[Tex/LaTex] Teaching LaTeX and friends

best practicesteaching

Similar questions on how to teach LaTeX have been posted here already, but I would like to give them a slightly different touch:

Has anybody experience with teaching LaTeX in relation with other tools needed for larger projects?

What I have in mind is something like a student seminar (say some 10 dates, 90min each or so) which covers a good introduction how students can write a larger project (like a PhD thesis) using LaTeX, but also in a professional way. I made the experience that student somehow manage to master LaTeX but produce unreadable code (for me as an advisor) and "organize" their work in a rather erratic way (to say it politely).

So I would like to introduce them not only to LaTeX, but also to some "best-practice" concepts in LaTeX. This should include some ideas of how to produce readable code (that the collaborators or supervisors can get into it quickly), naming macros, label, etc. in a reasonable way and so on.

Furthermore, I would like to introduce them to some tools for organizing their typing, like a version control system (personally I use git), a professional bibliography mangement like BibTeX, a reliable editor (don't want to start a flamewar here :), a good production workflow, and exchanging code with the supervisor (maybe even remotely located via git, email…)

To make my question more precise: has anyone suggestions which "best-practice" topics one should cover, how actually they look like, which tools beside the LaTeX core are useful, necessary, superflous…?

EDIT: Concerning the pre-knowledge of the students. This is of course rather unclear to me as well. But to have some idea, let's just say that they have some basic experience with LaTeX, some basic ideas about Linux/bash etc and some basic ideas about the problematics of collaboration. With other words, I do not want to start from scratch but upgrade their skills to a better level.

Best Answer

This is written form my perspective and experience so you might feel this is subjective ... well it is. And of course i always address nature scientists.

First of all i want to say that here are many "best practice" Questions on tex.se, much to many to cite them all. Just go and search for "best practice".

For me with my little latex teaching experience it has turned out, that usual students who come with basic computer knowledge and hopefully with a little knowledge in programming or writing markup (html) do not have so many problems with "thinking" code, while all the others have. A basic latex course usually does not include the following topics and therfore they might be interesting as further topics:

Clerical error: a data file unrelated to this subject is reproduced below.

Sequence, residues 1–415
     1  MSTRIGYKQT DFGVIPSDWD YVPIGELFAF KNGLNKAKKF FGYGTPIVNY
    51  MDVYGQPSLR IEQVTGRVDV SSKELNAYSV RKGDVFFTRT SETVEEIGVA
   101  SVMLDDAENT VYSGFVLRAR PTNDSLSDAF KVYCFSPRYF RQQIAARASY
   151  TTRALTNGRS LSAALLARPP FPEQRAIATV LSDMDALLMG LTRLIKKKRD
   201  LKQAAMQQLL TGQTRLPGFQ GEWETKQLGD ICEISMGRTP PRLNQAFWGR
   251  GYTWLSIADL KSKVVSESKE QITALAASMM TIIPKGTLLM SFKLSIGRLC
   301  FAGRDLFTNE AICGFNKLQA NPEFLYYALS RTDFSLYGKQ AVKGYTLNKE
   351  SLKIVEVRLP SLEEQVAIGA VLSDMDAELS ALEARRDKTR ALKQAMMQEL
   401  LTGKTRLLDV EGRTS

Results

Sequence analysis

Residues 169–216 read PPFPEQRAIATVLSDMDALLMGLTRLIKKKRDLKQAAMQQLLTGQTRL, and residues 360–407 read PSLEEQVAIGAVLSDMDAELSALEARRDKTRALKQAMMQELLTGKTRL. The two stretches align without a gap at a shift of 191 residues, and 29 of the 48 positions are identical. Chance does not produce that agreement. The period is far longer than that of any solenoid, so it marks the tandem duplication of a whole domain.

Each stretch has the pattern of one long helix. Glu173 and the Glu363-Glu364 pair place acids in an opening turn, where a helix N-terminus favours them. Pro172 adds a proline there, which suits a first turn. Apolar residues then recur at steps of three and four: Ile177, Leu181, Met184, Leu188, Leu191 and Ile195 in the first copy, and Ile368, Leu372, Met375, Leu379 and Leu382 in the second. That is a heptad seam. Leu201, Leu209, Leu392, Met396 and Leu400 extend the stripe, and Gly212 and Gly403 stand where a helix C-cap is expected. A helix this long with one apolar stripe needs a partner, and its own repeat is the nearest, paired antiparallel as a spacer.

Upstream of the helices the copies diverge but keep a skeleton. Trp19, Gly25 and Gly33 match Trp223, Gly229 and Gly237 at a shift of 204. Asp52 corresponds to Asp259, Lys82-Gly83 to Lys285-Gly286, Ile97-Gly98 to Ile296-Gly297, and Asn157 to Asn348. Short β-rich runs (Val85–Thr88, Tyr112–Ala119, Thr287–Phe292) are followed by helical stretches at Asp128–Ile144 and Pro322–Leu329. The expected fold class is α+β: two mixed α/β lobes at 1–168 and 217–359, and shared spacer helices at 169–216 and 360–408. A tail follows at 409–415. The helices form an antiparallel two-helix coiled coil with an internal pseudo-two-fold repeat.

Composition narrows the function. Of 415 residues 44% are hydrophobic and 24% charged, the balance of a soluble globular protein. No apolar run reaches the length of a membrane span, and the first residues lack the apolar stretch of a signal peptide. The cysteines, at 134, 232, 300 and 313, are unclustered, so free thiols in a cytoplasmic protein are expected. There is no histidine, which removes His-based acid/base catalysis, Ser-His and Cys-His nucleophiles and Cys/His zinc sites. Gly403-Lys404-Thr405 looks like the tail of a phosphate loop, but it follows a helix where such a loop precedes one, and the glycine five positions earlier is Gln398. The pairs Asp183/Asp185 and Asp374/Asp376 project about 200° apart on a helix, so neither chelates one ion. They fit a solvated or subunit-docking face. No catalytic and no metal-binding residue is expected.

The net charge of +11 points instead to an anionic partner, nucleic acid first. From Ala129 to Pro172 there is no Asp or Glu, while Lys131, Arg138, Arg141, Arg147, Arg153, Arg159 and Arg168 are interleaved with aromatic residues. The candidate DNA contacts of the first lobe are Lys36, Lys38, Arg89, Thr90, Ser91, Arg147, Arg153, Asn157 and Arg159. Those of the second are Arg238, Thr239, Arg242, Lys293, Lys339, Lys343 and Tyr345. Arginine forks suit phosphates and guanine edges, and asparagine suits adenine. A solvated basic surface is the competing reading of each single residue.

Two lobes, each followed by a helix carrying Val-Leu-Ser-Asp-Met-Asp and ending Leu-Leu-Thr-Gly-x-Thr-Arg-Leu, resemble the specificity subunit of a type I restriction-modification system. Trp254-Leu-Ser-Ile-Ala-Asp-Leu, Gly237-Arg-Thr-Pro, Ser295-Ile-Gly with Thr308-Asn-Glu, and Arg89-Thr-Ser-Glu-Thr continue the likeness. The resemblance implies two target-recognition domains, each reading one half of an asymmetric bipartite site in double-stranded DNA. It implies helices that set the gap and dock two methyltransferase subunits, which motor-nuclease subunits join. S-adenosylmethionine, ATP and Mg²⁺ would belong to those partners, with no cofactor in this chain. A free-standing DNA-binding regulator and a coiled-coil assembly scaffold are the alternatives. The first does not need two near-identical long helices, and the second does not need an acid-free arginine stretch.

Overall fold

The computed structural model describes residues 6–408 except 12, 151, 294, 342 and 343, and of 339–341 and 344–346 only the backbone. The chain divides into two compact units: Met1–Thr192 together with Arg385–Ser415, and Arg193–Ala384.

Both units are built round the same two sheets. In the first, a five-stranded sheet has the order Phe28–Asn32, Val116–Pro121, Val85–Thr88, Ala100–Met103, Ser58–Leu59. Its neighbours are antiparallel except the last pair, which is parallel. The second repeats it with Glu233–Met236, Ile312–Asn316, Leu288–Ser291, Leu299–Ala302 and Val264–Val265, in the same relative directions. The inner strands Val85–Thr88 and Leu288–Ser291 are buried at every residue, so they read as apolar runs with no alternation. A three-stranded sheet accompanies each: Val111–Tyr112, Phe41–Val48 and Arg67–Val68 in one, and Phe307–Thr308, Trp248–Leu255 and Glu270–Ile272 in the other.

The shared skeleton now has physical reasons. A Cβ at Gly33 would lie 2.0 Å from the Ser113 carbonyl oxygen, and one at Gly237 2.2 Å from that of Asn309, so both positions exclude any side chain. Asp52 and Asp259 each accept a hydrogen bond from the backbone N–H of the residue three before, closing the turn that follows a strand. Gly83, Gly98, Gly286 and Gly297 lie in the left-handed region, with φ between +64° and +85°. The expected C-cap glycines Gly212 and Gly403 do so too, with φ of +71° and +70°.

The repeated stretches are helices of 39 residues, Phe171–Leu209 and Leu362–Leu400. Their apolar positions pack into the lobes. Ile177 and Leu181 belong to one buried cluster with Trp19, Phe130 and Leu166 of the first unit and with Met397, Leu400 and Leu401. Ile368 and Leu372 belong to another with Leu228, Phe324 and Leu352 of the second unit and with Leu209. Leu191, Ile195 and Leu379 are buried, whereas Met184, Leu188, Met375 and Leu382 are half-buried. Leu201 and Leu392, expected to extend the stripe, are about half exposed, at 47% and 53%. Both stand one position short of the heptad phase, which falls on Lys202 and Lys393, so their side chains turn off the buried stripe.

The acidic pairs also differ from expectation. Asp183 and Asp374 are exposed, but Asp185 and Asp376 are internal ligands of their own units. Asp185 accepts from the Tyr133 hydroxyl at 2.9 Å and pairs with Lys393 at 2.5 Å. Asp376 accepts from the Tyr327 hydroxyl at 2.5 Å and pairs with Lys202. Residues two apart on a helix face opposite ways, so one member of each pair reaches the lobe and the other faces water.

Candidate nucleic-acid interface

Technical side:

  • unit handling (siunitx) structuring and markup
  • glossary handling (glossaries)
  • plots (pgfplots) and pictures (tikz)

Non technical side

  • typography
  • common rules for academic writing (such as DIN ans ISO)
  • dismissing obscure guidelines (given by non typographers) in a self confident way

Non LaTeX side:

  • how to choose the best editor
    • texworks
    • kile
    • texshop
    • txc
    • texmaker (or one of the clones)
  • enhanced bibliography managment
    • bibdesk (mac)
    • jabref
    • refworks
  • rcs
    • hg
    • git ....

I want to go a bit more in detail:

The editor

Well choosing the right editor is rather complex. What i saw while teaching complete beginners was that they easily become overstrained when using a more complex editor such as kile or texmaker. Secondary i believe that using the same editor for programming and for latex (eclipse e.g.) is not a good idea. The editor should provide code autocomplete (TAB + X), support synctex (you should tell your students how to use that) and minimal project management (e.g. by setting the main document).

Bib management

I really can´t understand people who do not use a automatic bibliography management system. But as TeXnican one should not even think of not using bibtex or biblatex. How to create a output of a bibtex-database should be part of a beginners course, creating the database itself with 3rd-party applications or by hand might be part of another course. I would say they needed to be introduced into a standalone tool such as jabref or bibdesk (mac). Depending on the environment your institution (university i guess) provides it could be useful to show them how to export e.g. from refworks to bibtex database.

Collaborative working

Well i think that LaTeX is somehow perfect for a distributed and collaborative work. I personally use hg , because it seems to be more handy than git. I also used the todonotes packages a lot to mark my document. But that might not be suitable for every situation. For email distribution it turned out to be useful to split the document into very very many small pieces so that almost everyone works with one or two separate document pieces only. This procedure requires a distinguished maintainer who puts all the pieces back into one.

Asking for help

Even old and wise people sometimes have problems with asking in the right way. So it definitely needs to be said, that even TeXperts do not have galadriels mirror, and guessing where a certain command comes form is very fatiguing. Not that this topic needs to be extended to the limit, ten minutes some when in the course should be enough to induce a awareness on this topic.

And of course the best of all "best practices" in the field of getting help is to use texdoc. Please please tell them about its magic!

--- to be continued ---